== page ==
Professional Standards in the Intervention Classroom

“Standards for Reading Professionals—Revised 2010 (Standards 2010) sets forth the criteria for developing and evaluating preparation programs for reading professionals. The Standards describe what candidates for the reading profession should know and be able to do in professional settings. The Standards are performance based, focusing on the knowledge, skills, and dispositions necessary for effective educational practice in a specific role. Also, the Standards are the result of a deliberative process that drew from professional expertise and research in the reading field.”

www.literacyworldwide.org

www.literacyworldwide.org

Below is an abbreviated and adapted version of the ILA standards.  That adaptions are an attempt to apply these standards specifically to reading intervention efforts.

Standard 1 – Foundational Knowledge:  [Literacy educators] understand the theoretical and evidence-based foundations of reading and writing processes and instruction.   

Extensive knowledge is the foundation of being an effective literacy educator.  The knowledge is built on an understanding of the developmental reading processes of students PreK-12 blended with a working knowledge of how to diagnose and remediate effectively for students who fall behind.  This knowledge is intended to ensure “ competent performance for the betterment of society.”  In the intervention setting, educators facilitate processes that close gaps so students may have every possibility of productive, fulfilling lives.

Standard 2 – Instructional Approaches: [Literacy educators] use instructional approaches, materials, and an integrated, comprehensive, balanced curriculum to support student learning in reading and writing.

The application of Standard 1 happens through data-driven instruction provided by professionals who apply their knowledge of evidence-based strategy instruction through an effective curriculum. Literacy educators understand the conceptual framework of developing effective reading programs or applying the elements of an effective curriculum.  In intervention, that implementation requires authentic differentiation based on student needs.

Standard 3 – Assessment and Evaluation: [Literacy educators] use a variety of assessment tools and practices to plan and evaluate effective reading and writing instruction.

Professional literacy educators have a comprehensive knowledge of literacy assessment options and the purposes for each.  They demonstrate the skilled use of assessment, the ability to analyze data, and the capacity to communicate findings to stakeholders.  Primarily, the literacy educator uses data to inform instruction for the ultimate benefit of students.  In intervention, this is how specific needs are determined for striving readers.  Limited instructional time must be planned for with intentional focus on a student’s specific assessment data to help a student close the gap as quickly as possible.

Standard 4 – Diversity: [Literacy educators] create and engage their students in literacy practices that develop awareness, understanding, respect, and a valuing of differences in our society.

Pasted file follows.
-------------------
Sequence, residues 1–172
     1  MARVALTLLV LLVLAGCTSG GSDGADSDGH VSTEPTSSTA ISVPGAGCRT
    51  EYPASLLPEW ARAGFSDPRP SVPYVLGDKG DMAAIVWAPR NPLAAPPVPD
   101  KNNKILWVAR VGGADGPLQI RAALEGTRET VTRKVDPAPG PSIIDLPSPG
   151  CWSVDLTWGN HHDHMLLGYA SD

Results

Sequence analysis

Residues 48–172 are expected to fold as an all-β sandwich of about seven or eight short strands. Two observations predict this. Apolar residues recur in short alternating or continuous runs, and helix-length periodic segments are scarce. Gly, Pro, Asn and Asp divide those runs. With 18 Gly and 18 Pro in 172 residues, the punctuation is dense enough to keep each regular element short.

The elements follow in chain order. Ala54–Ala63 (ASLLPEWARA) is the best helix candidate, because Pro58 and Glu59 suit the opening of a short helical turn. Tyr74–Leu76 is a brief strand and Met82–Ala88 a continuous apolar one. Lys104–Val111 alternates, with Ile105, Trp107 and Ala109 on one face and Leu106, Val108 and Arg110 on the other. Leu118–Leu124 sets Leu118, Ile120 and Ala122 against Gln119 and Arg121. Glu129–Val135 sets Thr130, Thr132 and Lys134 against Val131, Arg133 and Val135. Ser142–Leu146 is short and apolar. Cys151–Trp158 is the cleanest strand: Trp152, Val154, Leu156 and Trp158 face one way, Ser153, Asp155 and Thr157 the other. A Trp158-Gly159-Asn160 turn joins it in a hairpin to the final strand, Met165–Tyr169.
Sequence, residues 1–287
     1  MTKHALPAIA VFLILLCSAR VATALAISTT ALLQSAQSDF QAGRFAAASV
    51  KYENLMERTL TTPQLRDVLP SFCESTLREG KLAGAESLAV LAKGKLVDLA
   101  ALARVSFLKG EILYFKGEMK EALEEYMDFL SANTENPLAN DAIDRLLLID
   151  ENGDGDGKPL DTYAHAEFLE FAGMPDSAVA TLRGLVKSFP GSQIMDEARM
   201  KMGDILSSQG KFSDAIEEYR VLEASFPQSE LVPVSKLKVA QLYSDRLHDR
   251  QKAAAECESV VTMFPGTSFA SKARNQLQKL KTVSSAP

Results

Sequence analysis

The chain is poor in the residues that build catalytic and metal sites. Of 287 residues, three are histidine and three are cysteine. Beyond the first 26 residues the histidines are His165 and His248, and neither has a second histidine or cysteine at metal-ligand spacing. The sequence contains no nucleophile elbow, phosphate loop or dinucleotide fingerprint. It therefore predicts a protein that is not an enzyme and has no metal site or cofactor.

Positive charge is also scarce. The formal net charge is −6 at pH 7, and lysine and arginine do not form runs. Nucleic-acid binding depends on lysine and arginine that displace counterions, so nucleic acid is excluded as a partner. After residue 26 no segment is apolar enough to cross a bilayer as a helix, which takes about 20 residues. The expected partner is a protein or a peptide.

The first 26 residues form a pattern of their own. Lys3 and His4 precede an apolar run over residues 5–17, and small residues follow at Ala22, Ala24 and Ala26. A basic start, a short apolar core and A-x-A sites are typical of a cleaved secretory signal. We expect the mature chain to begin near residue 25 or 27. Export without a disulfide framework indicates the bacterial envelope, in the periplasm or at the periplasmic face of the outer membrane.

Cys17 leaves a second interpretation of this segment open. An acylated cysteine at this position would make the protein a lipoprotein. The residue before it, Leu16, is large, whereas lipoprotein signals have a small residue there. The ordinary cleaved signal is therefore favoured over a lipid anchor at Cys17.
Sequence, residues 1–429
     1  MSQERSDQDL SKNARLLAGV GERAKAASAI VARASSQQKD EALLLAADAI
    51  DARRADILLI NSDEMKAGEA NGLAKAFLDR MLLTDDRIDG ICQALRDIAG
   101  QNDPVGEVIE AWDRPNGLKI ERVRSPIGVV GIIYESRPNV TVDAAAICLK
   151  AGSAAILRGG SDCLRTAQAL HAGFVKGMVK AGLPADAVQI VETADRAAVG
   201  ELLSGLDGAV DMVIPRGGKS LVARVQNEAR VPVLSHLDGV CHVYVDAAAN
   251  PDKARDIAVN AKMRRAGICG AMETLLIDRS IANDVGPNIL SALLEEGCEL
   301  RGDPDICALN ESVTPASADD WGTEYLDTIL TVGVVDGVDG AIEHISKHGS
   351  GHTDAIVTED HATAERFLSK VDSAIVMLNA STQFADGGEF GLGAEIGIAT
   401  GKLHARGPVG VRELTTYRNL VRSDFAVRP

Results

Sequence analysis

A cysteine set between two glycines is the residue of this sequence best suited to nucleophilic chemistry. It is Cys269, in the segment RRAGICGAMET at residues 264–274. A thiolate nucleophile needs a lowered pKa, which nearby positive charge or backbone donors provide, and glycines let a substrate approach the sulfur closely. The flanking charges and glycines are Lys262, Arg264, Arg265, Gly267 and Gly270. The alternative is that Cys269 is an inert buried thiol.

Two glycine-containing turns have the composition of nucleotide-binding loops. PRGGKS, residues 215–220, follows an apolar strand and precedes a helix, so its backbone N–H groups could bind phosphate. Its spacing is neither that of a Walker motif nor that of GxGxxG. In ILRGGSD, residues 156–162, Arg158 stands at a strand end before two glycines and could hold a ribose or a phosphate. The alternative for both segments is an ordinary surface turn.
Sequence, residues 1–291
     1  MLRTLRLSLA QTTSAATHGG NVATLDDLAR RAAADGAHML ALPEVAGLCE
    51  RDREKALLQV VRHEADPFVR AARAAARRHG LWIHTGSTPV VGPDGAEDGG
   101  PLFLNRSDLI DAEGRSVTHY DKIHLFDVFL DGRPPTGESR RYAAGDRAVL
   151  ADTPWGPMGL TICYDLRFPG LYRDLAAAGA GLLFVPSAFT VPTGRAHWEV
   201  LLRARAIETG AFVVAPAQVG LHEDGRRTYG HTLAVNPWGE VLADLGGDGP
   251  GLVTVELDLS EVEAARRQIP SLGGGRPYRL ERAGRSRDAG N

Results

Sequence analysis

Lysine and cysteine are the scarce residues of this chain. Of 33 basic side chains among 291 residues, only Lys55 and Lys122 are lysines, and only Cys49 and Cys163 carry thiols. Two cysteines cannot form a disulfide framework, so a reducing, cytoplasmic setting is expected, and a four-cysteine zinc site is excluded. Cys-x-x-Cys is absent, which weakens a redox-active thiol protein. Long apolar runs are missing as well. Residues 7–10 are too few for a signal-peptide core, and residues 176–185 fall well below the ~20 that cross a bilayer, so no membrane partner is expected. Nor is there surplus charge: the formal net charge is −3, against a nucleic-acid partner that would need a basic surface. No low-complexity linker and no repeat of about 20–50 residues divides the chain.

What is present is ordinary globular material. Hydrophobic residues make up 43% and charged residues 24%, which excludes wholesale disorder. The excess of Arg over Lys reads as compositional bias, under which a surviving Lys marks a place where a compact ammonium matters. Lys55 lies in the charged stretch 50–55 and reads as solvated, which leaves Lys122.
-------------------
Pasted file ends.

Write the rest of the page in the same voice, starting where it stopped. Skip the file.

The interest of an effective literacy educator is to provide students with opportunities to access information and literary experiences that broaden their understanding of the diverse culture in which they contribute and engage. Intervention teachers know that this “broadening of horizons”  builds students’ background knowledge, increases their vocabulary, and encourages a curiosity for a world full of opportunity.  The hope is that increased exposure and awareness also builds better citizens that appreciate the value of all humans in a global society.

Standard 5 – Literate Environment: [Literacy educators] create a literate environment that fosters reading and writing by integrating foundational knowledge, instructional practices, approaches and methods, curriculum materials, and the appropriate use of assessments.

A strong literacy-rich environment can make good instruction even more effective.  In any class, but especially in an intervention classroom with students who have experienced feelings of failure, a safe, low-risk environment with high expectations and highly effective instruction can motivate students to engage and connect to literacy strategies that encourage authentic application of skills. Intervention should allow time and accessibility to resources and more of the opportunities striving readers need. Providing choices for reading and writing based on interest and providing a variety of methods to demonstrate their skills can increase student motivation and self-efficacy while building a more positive self-perception as students enjoy these chances to experience success.

Standard 6 – Professional Learning and Leadership: [Literacy educators] recognize the importance of, demonstrate, and facilitate professional learning and leadership as a career-long effort and responsibility.

Given that literacy is the foundational skill of all learning experiences, literacy professionals are often called upon to share knowledge and support others in the application of effective integration of literacy strategies across disciplines.  When done in an effort to build a culture of literacy, it benefits striving readers by supporting needed skills in authentic ways outside a reading intervention setting.

ILA Standards for Reading Professionals (2010)